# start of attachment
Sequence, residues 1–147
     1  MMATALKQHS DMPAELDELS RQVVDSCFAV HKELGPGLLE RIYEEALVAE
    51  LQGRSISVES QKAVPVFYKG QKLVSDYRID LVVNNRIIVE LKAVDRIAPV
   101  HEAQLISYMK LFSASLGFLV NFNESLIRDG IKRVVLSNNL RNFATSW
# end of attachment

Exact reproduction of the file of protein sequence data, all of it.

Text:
Sequence, residues 1–147
     1  MMATALKQHS DMPAELDELS RQVVDSCFAV HKELGPGLLE RIYEEALVAE
    51  LQGRSISVES QKAVPVFYKG QKLVSDYRID LVVNNRIIVE LKAVDRIAPV
   101  HEAQLISYMK LFSASLGFLV NFNESLIRDG IKRVVLSNNL RNFATSW